a) On the Configuration tab, under Function code, set the following fields:

i. For Code entry type, choose Upload a .zip file.
ii. For Runtime, choose Python 2.7.
iii. For Handler, enter greengrassHelloWorld.function_handler

b) Choose Upload, and then choose (The size of your file might be different from what’s shown here.)

c) Choose Save.

Note: The Test button on the AWS Lambda console doesn’t work with this function. The AWS IoT Greengrass Core SDK doesn’t contain modules that are required to run your Greengrass Lambda functions independently in the AWS Lambda console.


To see your uploaded code, from Code entry type, choose Edit code inline.

15. Publish the Lambda function:

a) From Actions, choose Publish new version

b) For Version description, enter First version, and then choose Publish.

16. Create an alias for the Lambda function version

Greengrass groups can reference a Lambda function by alias (recommended) or by version. Using an alias makes it easier to manage code updates because you don’t have to change your subscription table or group definition when the function code is updated. Instead, you just point the alias to the new function version.

a) From Actions, choose Create alias.

b) Name the alias GG_HelloWorld, set the version to 1 (which corresponds to the version that you just published), and then choose Create.


AWS IoT Greengrass doesn’t support Lambda aliases for $LATEST versions.

17. In the AWS IoT Core console, add the Lambda function that you just created to your AWS IoT Greengrass group:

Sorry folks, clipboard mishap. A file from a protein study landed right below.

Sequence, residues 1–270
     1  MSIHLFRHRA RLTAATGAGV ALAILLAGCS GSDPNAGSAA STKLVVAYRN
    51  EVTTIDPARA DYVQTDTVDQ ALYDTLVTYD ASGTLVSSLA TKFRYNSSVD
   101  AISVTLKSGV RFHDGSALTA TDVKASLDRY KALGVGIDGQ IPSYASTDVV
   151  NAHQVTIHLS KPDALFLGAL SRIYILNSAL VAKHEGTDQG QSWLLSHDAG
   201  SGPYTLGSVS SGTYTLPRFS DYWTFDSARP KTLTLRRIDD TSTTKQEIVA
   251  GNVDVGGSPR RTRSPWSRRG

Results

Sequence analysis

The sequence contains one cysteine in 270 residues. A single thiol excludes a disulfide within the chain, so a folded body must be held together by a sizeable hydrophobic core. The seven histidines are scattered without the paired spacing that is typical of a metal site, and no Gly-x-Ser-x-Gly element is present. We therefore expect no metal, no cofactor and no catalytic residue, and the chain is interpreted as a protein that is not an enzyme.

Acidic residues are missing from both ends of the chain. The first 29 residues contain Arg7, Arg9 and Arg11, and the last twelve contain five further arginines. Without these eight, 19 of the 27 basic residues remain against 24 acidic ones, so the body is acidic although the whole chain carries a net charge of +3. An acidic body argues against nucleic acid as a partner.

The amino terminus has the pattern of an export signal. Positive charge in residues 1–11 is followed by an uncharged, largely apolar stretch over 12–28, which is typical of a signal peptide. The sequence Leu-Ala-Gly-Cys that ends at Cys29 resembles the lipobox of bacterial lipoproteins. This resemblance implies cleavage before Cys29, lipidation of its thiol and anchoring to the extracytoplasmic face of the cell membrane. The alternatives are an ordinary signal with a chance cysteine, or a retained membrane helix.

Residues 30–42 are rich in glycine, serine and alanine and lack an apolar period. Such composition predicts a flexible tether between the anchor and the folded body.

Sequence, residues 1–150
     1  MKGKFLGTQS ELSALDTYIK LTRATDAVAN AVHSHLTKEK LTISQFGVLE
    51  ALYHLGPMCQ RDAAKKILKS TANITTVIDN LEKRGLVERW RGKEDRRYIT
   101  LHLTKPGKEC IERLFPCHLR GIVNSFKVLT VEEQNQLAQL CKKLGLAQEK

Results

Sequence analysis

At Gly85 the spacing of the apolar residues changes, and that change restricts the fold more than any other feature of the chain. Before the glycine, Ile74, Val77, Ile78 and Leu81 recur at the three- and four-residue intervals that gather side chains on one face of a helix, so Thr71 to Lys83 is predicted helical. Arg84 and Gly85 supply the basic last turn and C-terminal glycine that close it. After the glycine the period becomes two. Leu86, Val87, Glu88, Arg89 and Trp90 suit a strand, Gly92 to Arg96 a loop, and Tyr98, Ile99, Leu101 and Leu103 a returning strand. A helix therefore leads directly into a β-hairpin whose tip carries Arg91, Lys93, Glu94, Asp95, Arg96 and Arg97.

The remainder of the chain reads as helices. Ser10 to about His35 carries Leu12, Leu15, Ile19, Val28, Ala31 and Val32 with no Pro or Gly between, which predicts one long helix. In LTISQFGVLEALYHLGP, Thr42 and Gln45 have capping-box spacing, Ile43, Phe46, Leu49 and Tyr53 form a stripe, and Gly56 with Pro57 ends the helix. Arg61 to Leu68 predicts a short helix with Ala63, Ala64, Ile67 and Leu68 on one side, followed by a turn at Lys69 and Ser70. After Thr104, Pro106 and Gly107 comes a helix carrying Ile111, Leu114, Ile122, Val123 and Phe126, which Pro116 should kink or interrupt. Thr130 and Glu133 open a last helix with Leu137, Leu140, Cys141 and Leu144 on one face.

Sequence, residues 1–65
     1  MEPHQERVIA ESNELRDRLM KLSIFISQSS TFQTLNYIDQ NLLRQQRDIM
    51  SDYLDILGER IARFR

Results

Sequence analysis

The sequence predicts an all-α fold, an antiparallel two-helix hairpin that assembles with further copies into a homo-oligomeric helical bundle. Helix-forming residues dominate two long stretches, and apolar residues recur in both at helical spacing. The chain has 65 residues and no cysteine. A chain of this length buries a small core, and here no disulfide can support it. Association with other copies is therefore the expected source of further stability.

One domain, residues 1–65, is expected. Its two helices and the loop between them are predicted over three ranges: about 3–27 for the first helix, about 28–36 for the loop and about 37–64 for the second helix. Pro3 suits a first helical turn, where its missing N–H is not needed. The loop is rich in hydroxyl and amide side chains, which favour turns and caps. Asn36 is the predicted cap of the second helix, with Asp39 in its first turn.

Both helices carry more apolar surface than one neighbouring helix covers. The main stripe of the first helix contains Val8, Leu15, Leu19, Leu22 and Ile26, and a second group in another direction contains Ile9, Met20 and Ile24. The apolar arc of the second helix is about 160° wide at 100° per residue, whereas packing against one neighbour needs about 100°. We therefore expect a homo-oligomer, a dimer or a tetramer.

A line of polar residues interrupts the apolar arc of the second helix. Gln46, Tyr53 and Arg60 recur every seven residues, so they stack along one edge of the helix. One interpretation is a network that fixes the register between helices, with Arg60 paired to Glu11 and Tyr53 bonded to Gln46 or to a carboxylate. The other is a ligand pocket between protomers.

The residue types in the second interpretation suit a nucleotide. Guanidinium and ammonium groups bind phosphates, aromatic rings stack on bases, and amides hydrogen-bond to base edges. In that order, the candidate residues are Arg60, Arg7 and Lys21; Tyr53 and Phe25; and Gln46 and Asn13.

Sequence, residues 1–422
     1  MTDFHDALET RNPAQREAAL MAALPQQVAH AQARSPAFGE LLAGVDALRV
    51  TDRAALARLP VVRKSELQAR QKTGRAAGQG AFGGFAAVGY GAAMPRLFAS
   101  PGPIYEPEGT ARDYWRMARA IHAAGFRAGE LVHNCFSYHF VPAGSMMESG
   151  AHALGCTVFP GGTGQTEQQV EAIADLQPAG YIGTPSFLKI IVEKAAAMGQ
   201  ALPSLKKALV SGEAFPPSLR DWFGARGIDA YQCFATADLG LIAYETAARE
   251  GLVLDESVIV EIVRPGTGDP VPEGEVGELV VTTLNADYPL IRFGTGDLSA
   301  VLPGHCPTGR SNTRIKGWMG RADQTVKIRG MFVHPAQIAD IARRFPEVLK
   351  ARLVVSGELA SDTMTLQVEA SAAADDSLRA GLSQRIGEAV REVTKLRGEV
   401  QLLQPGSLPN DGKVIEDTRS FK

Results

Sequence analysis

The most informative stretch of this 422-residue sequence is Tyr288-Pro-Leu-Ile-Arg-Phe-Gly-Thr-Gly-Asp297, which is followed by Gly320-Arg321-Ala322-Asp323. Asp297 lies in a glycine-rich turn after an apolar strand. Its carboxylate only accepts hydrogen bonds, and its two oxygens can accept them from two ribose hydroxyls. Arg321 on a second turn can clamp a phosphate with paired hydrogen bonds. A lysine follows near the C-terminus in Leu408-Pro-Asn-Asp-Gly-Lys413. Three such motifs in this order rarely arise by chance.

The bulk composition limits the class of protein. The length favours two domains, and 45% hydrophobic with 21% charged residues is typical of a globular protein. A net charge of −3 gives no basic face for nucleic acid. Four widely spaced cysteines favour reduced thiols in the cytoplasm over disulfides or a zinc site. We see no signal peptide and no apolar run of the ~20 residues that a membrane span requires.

a) On the group configuration page, choose Lambdas, and then choose Add Lambda.

b) Choose Use existing Lambda.

18. Choose Greengrass_HelloWorld, and then choose Next

19. For the version, choose Alias: GG_HelloWorld, and then choose Finish. You should see the Greengrass_HelloWorld Lambda function in your group, using the GG_HelloWorld alias.

20. Choose the ellipsis (…), and then choose Edit Configuration:

21. On the Group-specific Lambda configuration page, make the following changes:

  • Set Timeout to 25 seconds. This Lambda function sleeps for 20 seconds before each invocation
  • For Lambda lifecycle, choose Make this function long-lived and keep it running indefinitely.
  • Set Timeout to 25 seconds. This Lambda function sleeps for 20 seconds before each invocation
  • For Lambda lifecycle, choose Make this function long-lived and keep it running indefinitely.

long-lived Lambda function starts automatically after AWS IoT Greengrass starts and keeps running in its own container (or sandbox). This is in contrast to an on-demand Lambda function, which starts when invoked and stops when there are no tasks left to execute. For more information, see Lifecycle Configuration for Greengrass Lambda Functions.

22. Keep the default values for all other fields, such as Run asContainerization, and Input payload data type, and choose Update to save your changes

23. Next, create a subscription that allows the Lambda to send MQTT messages to AWS IoT.

24. On the group configuration page, choose Subscriptions, and then choose Add your first Subscription.

25. In Select a source, choose Select. Then, on the Lambdas tab, choose Greengrass_HelloWorld as the source.

26. For Select a target, choose Select. Then, on the Service tab, choose IoT Cloud, and then choose Next.

27. For Topic filter, enter hello/world4, and then choose Next.

28. Choose Finish

5. Deploy Cloud Configurations to an AWS IoT Greengrass Core Device

To deploy this lambda function on core device refer this link

6. Verify the Lambda Function Is Running on the Device

To verify whether everything is running you can refer this link